We can’t say enough good things about Samsung’s excellent Galaxy S6. The company has built an impressive all around Android phone—among the best we’ve ever seen—and a big part of what makes it so great is the device’s camera. Past Samsung phones have always been competitive in terms of imaging, but the Galaxy S6 makes a case for being the best out there.
To really put it to the test, we decided to pit it against the iPhone 6 Plus. This isn’t a 1:1 comparison between devices; we won’t spend time talking about design, or battery life, or app selection. Instead, we’re entirely interested in how the images compare in a variety of different shooting situations (lowlight, bright light, etc.).
Even further, we’re going to focus on the stock software offered by each phone. While we stuck to auto modes for all the pictures you see in this post, it’s important to note that the shooting experience on the Galaxy S6 is different compared to the iPhone 6 Plus. By and large, however, most consumers will mostly be interested in turning the camera on, pointing at a subject, and taking a picture.
The Samsung Galaxy S6 sports a 16-megapixel camera with f/1.9 lens, optical image stabilization and the ability to shoot videos in 2160p@30fps, 1080p@60fps and 720p@120fps; in the front, the device sports a wide-angle 5-megapixel camera. The iPhone 6 Plus, meanwhile, sports an 8-megapixel camera with f/2.2 lens, optical image stabilization, and the ability to shoot 1080p@6-fps and 720p@240fps; the front-facing camera is 1.2-megapixels.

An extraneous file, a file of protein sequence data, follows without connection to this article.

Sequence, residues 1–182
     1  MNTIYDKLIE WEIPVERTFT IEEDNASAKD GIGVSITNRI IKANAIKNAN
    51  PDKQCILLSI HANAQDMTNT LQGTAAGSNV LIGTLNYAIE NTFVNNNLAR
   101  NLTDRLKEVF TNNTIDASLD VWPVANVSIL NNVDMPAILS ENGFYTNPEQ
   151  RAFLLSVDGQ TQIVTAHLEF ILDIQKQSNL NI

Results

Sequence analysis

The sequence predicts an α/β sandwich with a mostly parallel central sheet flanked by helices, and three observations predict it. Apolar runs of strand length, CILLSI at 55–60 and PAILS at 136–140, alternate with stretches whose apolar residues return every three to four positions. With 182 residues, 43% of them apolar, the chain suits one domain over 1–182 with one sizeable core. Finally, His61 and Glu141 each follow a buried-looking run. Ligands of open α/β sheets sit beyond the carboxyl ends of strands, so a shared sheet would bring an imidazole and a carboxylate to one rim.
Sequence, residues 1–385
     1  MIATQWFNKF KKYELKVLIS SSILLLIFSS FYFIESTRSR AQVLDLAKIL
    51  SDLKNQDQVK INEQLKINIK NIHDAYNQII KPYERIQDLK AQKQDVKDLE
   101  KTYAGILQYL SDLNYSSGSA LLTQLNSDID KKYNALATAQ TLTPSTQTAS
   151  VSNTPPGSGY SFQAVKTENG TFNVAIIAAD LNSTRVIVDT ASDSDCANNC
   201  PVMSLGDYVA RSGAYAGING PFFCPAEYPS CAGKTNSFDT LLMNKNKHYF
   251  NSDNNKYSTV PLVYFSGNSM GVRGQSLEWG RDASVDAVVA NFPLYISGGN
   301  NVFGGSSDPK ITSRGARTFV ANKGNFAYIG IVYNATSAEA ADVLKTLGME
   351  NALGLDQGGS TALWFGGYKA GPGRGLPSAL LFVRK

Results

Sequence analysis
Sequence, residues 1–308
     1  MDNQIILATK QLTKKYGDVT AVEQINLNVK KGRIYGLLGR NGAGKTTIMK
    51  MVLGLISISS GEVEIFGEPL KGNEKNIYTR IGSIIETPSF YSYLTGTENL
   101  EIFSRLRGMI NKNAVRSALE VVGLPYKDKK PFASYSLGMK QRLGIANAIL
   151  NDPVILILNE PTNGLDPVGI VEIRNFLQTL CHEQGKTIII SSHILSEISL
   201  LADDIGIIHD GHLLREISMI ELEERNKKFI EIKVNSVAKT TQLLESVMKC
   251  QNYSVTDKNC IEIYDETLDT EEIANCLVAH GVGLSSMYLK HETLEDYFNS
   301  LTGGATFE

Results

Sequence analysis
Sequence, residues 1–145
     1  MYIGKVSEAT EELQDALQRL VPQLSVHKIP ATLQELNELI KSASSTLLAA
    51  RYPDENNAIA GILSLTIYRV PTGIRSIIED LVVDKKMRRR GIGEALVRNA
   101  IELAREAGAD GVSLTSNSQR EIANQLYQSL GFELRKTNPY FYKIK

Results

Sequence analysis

Mark will take you through how he approached this comparison, and share his thoughts about what device excelled in which situation. If you put a premium on image quality, this is the video to check out. Below you can see the galleries to best compare, and there are also links to our reviews of the Galaxy S6, Galaxy S6 Edge and iPhone 6 Plus.
It’s no easy task reviewing an iPhone. Apple isn’t like other phone makers and doesn’t create and launch several smartphone models throughout the year.
Instead, once per annum, Apple announces the new devices that it’s going to sell for the entire next 12 months. That’s it. It takes one shot a year, sits back and focuses on the next project on the table. Still, despite that approach, it manages to go toe-to-toe with Android makers that fire off several rounds each year.